I would avoid surgery man. At all costs. But that’s just me.

          As far as running – I ran a 5k last year no problem, and I’m a horrible runner/have horrible stride/gait/whatever. I stretched the calves out a lot before, and of course I trained a month or so for it, and it was fine. I re-injured it when I started playing soccer and eventually had to play an indoor game in 100+ degree heat. My doc said that pushed my muscles to weakness and then the achilles got re-aggravated.

          I am confident that I could probably run often if I wanted to, and do plan on doing some 5k races this summer just for fun, but I think soccer or basketball would be risking re-aggravating it. I will likely try at some point though, and will post if I re-injure (or not!) as a result.

          Thanks for the kind comments on the blog. I set it up as a source of inspiration for myself while going through this injury – I know it can be quite depressing. Good luck, and report back on your progress!


          • stormchaser1983

            Your journey is very encouraging, I hope I am as lucky! I definitely want to avoid the injury. I think I caught it early; I dont have any swelling and apart from the tendon being tight, I dont think there is any strucutral damage yet as I am still young. However, those bone spurs were definitely worrisome…..I hope it heals.

          • stormchaser1983

            I have one last question. Did you find a tradeoff between putting off calf strengthening/stretching vs atrophy. If so, how long before you started doing those exercises?

          • mark2741

            I started doing them probably a bit too early – after 1.5 or 2 months of doing the eccentric heel drops. The eccentric heel drops are definitely strengtheners (though that’s not their intended application here). I didn’t see any negative effects from not stretching during that time. Ever since then I’ve been stretching at least twice a week, often 3x per week as I lift weights 2 or 3x per week and my routine is basically:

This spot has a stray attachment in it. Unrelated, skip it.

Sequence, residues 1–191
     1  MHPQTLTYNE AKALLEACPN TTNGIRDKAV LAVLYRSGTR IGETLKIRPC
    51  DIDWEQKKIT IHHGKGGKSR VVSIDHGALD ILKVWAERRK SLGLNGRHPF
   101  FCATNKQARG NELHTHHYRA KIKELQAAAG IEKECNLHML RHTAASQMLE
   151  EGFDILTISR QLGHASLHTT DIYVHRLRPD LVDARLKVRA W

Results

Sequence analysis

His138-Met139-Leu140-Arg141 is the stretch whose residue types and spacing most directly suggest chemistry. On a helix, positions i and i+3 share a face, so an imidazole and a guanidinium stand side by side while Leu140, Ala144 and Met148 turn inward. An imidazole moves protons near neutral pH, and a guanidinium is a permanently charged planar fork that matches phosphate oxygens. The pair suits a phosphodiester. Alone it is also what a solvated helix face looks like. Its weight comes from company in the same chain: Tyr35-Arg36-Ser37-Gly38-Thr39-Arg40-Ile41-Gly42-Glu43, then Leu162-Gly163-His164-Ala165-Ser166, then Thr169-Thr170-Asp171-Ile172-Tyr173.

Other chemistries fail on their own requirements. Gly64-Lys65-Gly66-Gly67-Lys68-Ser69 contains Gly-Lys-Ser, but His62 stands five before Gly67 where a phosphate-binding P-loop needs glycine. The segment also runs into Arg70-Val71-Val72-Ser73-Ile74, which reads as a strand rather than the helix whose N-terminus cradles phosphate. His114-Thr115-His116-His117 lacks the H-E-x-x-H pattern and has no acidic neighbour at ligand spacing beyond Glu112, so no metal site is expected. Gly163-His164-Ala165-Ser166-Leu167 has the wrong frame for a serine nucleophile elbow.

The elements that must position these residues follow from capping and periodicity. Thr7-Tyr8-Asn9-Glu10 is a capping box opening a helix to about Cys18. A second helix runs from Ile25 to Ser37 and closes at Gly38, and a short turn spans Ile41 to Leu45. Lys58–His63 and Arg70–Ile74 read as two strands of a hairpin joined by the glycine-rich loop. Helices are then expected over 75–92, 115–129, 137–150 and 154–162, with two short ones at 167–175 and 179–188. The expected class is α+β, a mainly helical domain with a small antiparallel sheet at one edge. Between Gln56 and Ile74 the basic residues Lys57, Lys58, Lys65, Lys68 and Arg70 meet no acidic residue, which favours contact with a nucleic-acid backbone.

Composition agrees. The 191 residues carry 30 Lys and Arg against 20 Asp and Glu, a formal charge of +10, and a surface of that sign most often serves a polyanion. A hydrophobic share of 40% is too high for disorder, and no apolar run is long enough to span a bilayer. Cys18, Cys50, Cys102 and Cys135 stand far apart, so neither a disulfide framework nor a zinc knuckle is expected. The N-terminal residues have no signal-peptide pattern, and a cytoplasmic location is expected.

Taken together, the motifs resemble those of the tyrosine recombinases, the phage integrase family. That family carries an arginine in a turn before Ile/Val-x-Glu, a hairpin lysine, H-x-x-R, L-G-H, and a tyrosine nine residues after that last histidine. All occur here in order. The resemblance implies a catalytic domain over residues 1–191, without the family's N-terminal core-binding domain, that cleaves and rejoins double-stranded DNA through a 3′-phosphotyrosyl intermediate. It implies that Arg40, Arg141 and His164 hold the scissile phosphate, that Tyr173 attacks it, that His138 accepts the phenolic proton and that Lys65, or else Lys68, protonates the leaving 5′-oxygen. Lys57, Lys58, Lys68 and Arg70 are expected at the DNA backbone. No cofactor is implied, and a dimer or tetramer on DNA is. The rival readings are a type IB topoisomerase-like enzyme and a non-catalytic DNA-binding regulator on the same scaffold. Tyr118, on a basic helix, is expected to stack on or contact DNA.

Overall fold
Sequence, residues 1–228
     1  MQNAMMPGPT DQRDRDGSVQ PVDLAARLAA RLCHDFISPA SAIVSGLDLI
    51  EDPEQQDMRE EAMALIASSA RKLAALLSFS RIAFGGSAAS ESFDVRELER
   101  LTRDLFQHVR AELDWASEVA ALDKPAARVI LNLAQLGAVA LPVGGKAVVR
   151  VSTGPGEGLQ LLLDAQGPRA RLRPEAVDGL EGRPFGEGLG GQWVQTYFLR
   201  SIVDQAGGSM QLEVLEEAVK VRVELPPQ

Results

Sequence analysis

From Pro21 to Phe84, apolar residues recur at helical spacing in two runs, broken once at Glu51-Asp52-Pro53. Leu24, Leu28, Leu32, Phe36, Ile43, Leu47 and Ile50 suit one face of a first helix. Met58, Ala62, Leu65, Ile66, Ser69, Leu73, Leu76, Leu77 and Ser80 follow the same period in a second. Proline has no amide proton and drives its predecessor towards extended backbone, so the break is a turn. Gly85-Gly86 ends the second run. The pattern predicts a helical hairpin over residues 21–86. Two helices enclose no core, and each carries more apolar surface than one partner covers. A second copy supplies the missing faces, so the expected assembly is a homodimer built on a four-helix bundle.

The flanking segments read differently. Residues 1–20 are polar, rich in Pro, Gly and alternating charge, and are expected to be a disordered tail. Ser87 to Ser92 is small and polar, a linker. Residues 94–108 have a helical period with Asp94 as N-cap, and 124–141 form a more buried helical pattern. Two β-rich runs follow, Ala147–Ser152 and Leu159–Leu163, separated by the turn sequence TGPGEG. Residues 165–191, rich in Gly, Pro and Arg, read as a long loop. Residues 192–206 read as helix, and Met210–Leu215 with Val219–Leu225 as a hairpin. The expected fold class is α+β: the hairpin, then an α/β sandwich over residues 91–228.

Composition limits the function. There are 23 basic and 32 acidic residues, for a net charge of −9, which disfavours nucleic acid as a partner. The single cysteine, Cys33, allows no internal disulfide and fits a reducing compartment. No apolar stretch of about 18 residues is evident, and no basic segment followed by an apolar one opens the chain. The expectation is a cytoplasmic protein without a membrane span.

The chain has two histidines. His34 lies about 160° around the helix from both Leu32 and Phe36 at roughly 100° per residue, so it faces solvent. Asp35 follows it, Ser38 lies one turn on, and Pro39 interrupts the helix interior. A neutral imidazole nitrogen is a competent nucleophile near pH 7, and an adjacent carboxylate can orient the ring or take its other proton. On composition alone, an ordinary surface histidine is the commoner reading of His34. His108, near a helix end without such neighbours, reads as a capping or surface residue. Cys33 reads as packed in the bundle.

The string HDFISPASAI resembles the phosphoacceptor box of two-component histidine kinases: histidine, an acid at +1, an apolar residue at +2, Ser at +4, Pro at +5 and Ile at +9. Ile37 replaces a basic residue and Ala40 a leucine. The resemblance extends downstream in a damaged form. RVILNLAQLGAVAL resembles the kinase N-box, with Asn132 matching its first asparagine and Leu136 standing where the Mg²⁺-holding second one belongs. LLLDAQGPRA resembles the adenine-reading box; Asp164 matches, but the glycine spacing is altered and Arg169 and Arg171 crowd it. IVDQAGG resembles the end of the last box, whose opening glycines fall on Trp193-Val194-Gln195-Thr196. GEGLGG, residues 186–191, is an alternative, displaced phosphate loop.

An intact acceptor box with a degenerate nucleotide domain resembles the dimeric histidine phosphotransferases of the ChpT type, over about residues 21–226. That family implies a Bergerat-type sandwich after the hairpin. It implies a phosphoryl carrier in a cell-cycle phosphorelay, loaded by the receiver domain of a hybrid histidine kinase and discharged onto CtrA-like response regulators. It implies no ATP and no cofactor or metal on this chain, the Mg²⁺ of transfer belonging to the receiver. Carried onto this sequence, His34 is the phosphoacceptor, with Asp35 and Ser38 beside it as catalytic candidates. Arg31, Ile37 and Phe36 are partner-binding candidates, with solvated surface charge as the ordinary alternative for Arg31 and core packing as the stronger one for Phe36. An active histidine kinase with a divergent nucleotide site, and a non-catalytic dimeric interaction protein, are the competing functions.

1. 10 minute light warm-up on a cardio machine
            2. 5 minutes of stretching (gastroc/wall stretch, and a few others)
            3. Sometimes I’ll foam roll but mainly because I’m now focusing on my upper-body/shoulder immobility
            4. Weightlifting (I do a full-body routine and, at the end, I throw in a couple of sets of weighted calf raises on a step (so that I do now go below parallel on the drop portion).

            Keep in mind – I had/have *insertional* achilles tendonosis. If your problem is not at the insertion point then eccentric heel drops are probably not the right protocol for you, and regular calf raises and stretching is the commonly prescribed and likely, based on the research, the best way to go. Insertional vs non-insertional tendonitis is key – you have to know which you have before you can fix it.

          • stormchaser1983

            One thing that I have noticed that definitely helps is green tea + turmeric and turmeric + cayenne + ginger tea, the former in the morning and the latter in the evening. Drinking these teas hot with those spices has helped a lot in reducing the inflammation and I think quickening the healing process. Might be a placebo effect, but it seems to help….

          • Ian